Board supports fair-trade resolution on paper


WILTON — When Charlie Rodrigue came to Wilton in 1979 there were manufacturing plants supplying good jobs for local workers, he told selectmen Tuesday.

Rodrigue and Ron Hemingway, workers at NewPage paper mill in Rumford, sought support from the board for a resolution to stop paper subsidies in foreign countries and unfair trade in an effort to help alleviate the same pressures papers mills are now facing that brought an end to manufacturers like Forsters in Wilton and East Wilton, Bass Shoe, and Wilton Tannery, he said.

They are seeking support from towns, where employees who produce coated paper live, through a resolution that for Wilton states “reaffirming the commitment of the town of Wilton to the importance of manufacturing to the local economy and throughout the United States, expressing support for strong enforcement of our trade laws and expressing support for the domestic coated paper industry and its workers who have been injured by unfair trade practices by foreign producers.”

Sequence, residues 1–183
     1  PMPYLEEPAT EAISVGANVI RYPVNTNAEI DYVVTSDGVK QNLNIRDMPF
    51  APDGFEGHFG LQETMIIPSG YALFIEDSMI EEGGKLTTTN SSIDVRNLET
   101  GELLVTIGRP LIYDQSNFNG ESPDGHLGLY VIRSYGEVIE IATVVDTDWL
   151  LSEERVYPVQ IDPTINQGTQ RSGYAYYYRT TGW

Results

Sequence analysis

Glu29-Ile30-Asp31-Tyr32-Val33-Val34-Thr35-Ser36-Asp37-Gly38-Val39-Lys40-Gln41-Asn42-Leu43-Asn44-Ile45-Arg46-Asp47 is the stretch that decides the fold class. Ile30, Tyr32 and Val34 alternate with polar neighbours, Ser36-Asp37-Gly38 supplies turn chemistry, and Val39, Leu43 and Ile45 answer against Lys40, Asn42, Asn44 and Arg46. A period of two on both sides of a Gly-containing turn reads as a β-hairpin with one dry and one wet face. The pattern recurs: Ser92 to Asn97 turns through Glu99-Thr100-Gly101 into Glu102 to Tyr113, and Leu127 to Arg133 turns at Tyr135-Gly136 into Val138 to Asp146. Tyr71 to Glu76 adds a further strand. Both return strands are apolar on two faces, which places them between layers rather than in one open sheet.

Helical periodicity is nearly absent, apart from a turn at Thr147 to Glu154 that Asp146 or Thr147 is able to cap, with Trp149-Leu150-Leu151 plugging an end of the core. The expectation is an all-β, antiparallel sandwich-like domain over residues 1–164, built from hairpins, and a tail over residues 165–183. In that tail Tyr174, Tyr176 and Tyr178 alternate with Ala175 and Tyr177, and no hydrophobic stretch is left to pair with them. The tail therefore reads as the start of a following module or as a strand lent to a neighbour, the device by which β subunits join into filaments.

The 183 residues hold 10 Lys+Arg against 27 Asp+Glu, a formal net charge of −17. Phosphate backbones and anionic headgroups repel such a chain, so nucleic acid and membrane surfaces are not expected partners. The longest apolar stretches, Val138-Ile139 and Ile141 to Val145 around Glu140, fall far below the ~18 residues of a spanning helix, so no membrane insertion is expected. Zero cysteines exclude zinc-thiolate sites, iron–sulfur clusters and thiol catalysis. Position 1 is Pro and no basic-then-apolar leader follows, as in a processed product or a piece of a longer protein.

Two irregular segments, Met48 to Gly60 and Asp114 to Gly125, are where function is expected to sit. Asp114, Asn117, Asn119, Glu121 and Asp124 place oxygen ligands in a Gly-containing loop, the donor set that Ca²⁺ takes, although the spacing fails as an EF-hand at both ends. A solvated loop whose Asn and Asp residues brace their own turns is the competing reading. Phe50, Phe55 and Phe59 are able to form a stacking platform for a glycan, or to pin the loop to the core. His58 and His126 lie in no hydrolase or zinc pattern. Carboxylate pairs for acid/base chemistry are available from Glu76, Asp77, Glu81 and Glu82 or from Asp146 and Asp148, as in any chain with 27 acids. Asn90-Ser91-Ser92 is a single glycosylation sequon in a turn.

The workers are particularly concerned about trade practices with China, he told the board while explaining the practice of dumping or when a foreign producer sells paper here for a lower price than it charges in its homeland or when subsidies or financial assistance is given for production and exportation of the coated paper, according to the resolution.

“The workers are seeking a fair playing field by seeking stronger enforcement of trade laws and tariffs,” he said, of the message intended for the U.S. International Trade Commission.

Other towns such as Rumford, Dixfield and Mexico, have already signed the resolution, and with 30 NewPage workers living in Wilton, they bring salaries of about $1.8 million back to this area, Hemingway said.

Selectmen Tom Saviello commended the workers for taking the initiative to seek reform before it’s too late for local mills. He also inquired if congressional leaders had been involved. Hemingway passed out copies to the board of letters Maine senators and representatives have written to the U.S. International Trade Commission, the Department of Commerce and the Department of Treasury.

In signing the resolution, the board agreed that a manufacturing sector is needed for economic recovery and the future health of the town, free trade requires that trade laws are enforced, that the U.S. coated paper industry can compete with any country that does not have government assistance and that Chinese and Indonesian producers should be held accountable for unfair trade practices.

The workers also invited the board to an event planned for 11 a.m. on Friday at the NewPage Administrative Building in Rumford.

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